Geoengineers can only give us a breather
Cloud brightening and other mega-scale projects to reduce the amount of solar radiation reaching our planet are risky, scientists say.
Geoengineering has been proposed as a quick fix to bail humanity out if our planet warms too much, too soon.
But even the researchers who work on these technologies say they are not the best solution to counteracting human-caused global warming.
“The only long-term solution is to reduce climate gas emissions,” says Alan Gadian, a climatologist who works at the National Centre for Atmospheric Sciences at the University of Leeds in the UK.
Gadian led a discussion of the issue at the Euroscience Open Forum (ESOF) 2014 research conference in Copenhagen.
The method Gadian studied is probably the cheapest alternative. It involves making lower atmospheric clouds whiter, so they reflect more sunlight. This would consequently reduce the amount of global warming compared to if there was no intervention.
The method Gadian studied to make clouds whiter involved spraying fine droplets of seawater up from ships crisscrossing the oceans.
Normally the air above the oceans is clean and contains little dust. This means that evaporated water has no nuclei to upon which to condense and form ice crystals or droplets that make clouds.
The dusty seawater would act as extra condensation nuclei. If they are small enough, the water droplets would also be very tiny.
This has an impact on the colour of clouds. The smaller the droplets, the whiter the cloud and the more sunlight it reflects.
Theoretically, a fleet of 1,500 unmanned ships each capable of spraying 50 cubic metres of seawater per second could counteract the global warming that will result from the doubling of carbon dioxide levels compared to pre-industrial revolution levels.
Researchers have proposed attempting this method on a smaller scale, in particular in articles by John Latham and Stephen Salter in the journal Philosophical Transactions of The Royal Society in 2008.
Not hoping for his own method
Gadian would like to see these experiments tried. He has suggested using this approach to reduce the energy that hurricanes get from solar heat.
This could reduce hurricane wind speeds and the resulting devastation.
But he actually hopes the tests will not be promising enough to encourage governments to invest in these kinds of climate-control efforts.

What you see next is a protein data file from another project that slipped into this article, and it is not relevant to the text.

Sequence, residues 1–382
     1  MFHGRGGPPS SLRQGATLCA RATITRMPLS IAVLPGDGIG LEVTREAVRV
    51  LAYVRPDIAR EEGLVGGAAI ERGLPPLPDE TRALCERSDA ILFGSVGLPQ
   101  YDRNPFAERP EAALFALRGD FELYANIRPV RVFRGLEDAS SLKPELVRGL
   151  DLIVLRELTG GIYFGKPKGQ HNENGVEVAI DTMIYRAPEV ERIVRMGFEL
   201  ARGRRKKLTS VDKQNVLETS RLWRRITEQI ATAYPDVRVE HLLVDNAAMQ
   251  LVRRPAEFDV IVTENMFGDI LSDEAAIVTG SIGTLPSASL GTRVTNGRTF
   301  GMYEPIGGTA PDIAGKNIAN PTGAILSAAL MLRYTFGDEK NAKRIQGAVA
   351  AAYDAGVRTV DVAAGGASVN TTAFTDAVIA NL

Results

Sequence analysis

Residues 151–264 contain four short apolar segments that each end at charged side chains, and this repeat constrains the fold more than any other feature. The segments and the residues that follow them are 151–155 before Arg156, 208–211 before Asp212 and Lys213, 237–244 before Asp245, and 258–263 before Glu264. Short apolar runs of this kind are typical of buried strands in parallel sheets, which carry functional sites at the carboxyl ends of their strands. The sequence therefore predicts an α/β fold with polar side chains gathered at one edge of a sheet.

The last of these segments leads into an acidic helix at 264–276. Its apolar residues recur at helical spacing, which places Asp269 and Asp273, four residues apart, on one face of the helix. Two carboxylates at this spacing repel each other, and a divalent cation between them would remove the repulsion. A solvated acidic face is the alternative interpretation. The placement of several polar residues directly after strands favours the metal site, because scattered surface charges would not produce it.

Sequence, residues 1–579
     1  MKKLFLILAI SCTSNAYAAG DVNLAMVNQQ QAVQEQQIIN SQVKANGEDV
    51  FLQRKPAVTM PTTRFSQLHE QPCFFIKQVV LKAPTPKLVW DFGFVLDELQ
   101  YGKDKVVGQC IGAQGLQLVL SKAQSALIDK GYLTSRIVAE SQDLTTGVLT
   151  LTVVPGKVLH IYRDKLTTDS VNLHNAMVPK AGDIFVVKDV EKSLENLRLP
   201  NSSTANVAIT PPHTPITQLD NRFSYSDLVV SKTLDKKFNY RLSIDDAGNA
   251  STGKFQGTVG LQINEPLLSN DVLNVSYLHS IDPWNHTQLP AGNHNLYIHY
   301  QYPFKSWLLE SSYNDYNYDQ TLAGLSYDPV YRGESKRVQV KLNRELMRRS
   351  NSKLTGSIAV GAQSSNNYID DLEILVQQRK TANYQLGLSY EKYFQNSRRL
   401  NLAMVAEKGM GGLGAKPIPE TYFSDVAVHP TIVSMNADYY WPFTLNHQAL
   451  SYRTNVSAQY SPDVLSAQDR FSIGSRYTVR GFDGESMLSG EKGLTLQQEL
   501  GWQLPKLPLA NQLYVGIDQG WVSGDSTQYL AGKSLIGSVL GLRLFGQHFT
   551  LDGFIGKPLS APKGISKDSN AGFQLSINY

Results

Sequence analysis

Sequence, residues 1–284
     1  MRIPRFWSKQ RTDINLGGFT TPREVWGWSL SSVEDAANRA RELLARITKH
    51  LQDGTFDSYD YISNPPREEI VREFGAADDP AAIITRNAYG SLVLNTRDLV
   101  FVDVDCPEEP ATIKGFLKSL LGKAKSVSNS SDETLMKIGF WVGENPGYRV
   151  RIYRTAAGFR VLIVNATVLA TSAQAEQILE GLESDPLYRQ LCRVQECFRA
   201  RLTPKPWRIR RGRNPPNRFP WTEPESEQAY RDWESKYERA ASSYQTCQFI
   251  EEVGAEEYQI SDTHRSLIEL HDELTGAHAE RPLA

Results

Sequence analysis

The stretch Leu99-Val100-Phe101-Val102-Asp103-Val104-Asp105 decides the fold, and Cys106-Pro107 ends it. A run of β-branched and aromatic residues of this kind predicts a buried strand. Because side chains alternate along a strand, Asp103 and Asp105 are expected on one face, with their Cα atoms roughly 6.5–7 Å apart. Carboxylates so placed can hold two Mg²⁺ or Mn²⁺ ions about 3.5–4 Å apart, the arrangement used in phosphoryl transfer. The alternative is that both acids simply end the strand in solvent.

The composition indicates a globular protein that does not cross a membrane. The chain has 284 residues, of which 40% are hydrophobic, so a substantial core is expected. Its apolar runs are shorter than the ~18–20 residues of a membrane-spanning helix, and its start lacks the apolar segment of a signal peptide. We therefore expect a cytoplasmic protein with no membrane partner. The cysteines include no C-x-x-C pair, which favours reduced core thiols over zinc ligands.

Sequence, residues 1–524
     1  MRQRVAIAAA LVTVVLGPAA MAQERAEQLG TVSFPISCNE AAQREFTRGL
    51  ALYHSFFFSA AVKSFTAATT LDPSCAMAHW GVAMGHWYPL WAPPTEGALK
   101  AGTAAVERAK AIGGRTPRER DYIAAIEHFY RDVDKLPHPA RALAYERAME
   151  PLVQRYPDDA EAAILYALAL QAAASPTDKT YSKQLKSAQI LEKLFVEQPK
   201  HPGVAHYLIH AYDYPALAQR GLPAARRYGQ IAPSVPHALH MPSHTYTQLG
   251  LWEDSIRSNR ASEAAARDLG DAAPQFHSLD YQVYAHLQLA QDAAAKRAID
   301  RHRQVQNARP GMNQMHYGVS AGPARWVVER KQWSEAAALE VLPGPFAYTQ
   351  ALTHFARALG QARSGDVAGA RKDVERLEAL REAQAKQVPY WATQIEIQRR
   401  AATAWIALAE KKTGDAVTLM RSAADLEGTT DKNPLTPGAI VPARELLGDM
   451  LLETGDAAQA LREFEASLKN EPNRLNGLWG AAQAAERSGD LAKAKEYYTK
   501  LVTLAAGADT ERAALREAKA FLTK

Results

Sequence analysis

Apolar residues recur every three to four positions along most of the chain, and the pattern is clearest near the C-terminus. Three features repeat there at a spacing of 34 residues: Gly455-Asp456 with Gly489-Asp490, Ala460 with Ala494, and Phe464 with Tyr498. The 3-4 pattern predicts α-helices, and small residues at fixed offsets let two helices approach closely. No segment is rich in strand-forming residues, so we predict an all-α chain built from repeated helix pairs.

Winners and losers
The world could open Pandora’s box of effects if governments try to solve the climate crisis by reducing solar radiation through cloud whitening, or alternatively by discharging sulphur dioxide into the upper parts of the stratosphere, which is another relatively cheap and often discussed method.
“Reducing solar radiation cannot return to our original climate,” said Hauke Schmidt of Germany’s Max Planck for Meteorology at the conference.
A major problem is that the climate would not change evenly round the globe, according to the climate model HadGAM1 developed by the renowned British Hadley Centre for Climate Prediction and Research.
“Less precipitation would fall overall, also over the northern latitudes of Europe. We get winners and we get losers,” asserted Schmidt.
Only one long-term solution
Schmidt also points out that if the gigantic projects to reduce the input of solar energy on our planet were to stop because of wars or political instability, global temperatures would rise all the faster.
“In general, the climate models are not good enough to predict what the geophysical experiments on a global scale would lead to,” he says.
“We lack the computer power to model this,” confirmed Gadian. “Counting on a reduction of solar heat is a risky strategy.”
Gadian stresses that the largest and most grandiose geophysical experiments for changing the atmosphere are already underway, and have been so for a long time.
We have practiced the art of geoengineering by adding enormous quantities of carbon dioxide to the atmosphere since the industrial revolution.
“The only long-term solution to the problem is to stop these emissions,” said Gadian.
Translated by: Glenn Ostling